Forum Categories › GENERAL VAT DISCUSSIONS › Vat Inspector insisting on planning permissions for 5% External Wall Insulation Works › Reply To: Vat Inspector insisting on planning permissions for 5% External Wall Insulation Works
Although the link you’ve provided is a good summary, it’s worth looking at the detail in:
- HMRC’s public notice 708/6: https://www.gov.uk/guidance/vat-on-energy-saving-materials-and-heating-equipment-notice-7086
- HMRC’s internal manual, intended for use by their own staff: https://www.gov.uk/hmrc-internal-manuals/vat-energy-saving-materials-and-grant-funded-heating-supplies
- and the legislation itself (VAT Act 1994, schedule 7A, group 2): https://www.legislation.gov.uk/ukpga/1994/23/schedule/7A/part/2/chapter/2
None of the above make any specific mention of planning permission, which makes me think your inspector is hoping to find something on it which will help prove whether or not your supplies were eligible for the 5% rate. For example, part of the criteria is that the works must be carried out in residential accommodation – see section 2.20 of the public notice. Might the inspector have any doubt over whether the premises are “residential” – as this may be clarified in planning permission documentation? Could there be any doubt over the nature of the materials used, which may be clarified by detail within planning documents? Or are the buildings fairly new – as if the works are carried out in the course of a zero rated construction, they too will be zero rated rather than reduced rated – see section 2.20. Again, planning documentation may give some clarity over whether the works were part of the build, or undertaken separately later. There may also be other reasons that I haven’t been able to think of!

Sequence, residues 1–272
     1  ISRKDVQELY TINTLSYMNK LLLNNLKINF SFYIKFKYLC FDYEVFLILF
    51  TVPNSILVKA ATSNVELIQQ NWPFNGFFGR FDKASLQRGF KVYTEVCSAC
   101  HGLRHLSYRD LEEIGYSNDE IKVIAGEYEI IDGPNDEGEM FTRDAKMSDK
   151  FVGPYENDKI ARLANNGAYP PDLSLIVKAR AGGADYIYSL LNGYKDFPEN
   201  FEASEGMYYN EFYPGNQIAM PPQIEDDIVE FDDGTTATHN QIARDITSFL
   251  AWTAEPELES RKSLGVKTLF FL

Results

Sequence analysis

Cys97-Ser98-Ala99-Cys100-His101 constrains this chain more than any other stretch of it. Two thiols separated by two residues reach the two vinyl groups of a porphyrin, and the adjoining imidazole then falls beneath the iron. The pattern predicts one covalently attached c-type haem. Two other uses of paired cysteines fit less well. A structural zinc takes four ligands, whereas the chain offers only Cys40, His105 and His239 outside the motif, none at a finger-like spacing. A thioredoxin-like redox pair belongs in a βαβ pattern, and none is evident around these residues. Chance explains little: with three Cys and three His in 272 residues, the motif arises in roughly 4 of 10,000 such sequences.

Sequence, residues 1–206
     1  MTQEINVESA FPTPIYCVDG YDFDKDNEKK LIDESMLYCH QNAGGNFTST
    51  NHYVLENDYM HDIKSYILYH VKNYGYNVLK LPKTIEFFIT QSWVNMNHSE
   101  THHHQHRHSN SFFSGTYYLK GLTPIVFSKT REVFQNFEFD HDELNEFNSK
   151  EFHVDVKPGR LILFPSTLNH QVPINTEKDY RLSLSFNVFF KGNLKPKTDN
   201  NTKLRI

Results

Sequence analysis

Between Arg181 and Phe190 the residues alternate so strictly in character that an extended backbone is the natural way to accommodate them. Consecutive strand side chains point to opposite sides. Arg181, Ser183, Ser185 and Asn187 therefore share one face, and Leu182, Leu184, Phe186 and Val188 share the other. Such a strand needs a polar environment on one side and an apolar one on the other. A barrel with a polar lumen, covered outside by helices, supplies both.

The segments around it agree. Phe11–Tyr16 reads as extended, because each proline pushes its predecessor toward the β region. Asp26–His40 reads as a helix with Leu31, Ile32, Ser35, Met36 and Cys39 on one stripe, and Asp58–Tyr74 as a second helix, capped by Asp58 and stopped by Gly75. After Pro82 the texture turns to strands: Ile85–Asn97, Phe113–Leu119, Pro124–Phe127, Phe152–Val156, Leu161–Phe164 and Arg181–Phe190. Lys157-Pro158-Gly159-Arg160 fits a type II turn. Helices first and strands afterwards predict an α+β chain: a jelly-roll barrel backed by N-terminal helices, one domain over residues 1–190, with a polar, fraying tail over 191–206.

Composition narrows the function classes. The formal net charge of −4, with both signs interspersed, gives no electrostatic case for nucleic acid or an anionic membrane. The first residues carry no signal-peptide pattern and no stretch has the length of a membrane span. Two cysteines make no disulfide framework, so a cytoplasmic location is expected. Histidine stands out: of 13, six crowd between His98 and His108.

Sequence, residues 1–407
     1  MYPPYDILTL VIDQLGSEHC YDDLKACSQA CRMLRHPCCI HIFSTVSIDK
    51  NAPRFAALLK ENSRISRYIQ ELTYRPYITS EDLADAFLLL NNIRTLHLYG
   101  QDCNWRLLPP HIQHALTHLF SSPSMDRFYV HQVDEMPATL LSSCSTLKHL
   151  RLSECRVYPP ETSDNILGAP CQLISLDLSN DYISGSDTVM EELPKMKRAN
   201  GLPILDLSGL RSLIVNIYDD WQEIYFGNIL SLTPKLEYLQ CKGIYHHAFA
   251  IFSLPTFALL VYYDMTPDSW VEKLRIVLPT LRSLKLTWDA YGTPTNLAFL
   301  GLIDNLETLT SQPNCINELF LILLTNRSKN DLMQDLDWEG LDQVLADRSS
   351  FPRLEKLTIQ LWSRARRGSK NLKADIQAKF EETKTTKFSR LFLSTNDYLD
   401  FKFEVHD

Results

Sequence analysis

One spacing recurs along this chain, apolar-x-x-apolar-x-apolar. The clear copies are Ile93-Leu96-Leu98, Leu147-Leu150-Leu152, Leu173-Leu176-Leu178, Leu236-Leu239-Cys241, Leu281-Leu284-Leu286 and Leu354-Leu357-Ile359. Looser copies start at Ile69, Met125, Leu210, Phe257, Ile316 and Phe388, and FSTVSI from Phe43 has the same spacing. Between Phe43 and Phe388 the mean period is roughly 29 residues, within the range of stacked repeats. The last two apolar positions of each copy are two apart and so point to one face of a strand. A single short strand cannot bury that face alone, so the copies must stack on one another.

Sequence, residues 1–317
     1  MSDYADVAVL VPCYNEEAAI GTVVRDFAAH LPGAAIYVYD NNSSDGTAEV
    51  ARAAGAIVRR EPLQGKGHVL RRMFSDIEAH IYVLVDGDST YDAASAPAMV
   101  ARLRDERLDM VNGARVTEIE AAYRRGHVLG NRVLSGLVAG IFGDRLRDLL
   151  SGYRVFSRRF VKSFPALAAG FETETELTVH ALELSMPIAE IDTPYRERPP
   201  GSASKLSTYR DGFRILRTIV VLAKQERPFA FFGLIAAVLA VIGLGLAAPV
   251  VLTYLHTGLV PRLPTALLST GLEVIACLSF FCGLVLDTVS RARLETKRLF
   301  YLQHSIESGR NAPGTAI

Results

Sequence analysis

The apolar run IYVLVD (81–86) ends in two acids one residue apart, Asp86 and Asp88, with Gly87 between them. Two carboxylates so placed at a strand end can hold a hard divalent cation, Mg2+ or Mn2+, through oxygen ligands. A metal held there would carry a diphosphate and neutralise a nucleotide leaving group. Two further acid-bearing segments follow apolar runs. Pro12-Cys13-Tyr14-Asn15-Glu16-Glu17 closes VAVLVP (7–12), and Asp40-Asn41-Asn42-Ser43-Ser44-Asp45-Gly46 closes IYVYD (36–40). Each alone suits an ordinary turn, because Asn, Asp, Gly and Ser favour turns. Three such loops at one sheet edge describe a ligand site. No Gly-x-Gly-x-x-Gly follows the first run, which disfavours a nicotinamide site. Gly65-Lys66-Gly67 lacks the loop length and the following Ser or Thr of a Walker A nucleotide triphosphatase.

If based on the full guidance documents you’re still happy that your supplies fully met the conditions for reduced ratings, then I’d suggest replying explaining that you didn’t request planning documents from your customers as they weren’t required under the guidance, and also explaining for each case they’ve identified how you consider that the criteria are met. For example, was it under the social policy conditions in section 2.3 (in which case did you get any declaration by the customer?), or under the 60% test in section 2.4 (if so, provide any calculations). If you haven’t already done so, provide full details of the materials used – is there any relevant documentation produced by the manufacturer? If you can provide a detailed explanation as to why you’ve deemed the works to be eligible to the 5% rate, it’s then for HMRC to set out their reasoning more clearly if they still disagree.
As a final point, if you don’t currently get any customer declarations regarding their eligibility to the social policy conditions in section 2.3, it might be worth starting to do so. Although the responsibility is on you to ensure that the correct VAT rate is applied, you won’t know whether the customer is in receipt of any of the specified benefits, so holding a signed declaration from them that you have no reason to believe to be incorrect is the most you could reasonably be expected to do.